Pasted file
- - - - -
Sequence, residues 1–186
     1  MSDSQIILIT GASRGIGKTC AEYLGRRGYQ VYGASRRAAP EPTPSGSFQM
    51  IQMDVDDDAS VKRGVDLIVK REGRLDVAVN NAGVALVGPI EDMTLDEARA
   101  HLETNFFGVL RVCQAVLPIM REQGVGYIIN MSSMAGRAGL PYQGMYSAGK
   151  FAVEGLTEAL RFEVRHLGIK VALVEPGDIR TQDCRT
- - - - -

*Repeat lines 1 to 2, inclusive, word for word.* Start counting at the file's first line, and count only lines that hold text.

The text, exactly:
Sequence, residues 1–186
     1  MSDSQIILIT GASRGIGKTC AEYLGRRGYQ VYGASRRAAP EPTPSGSFQM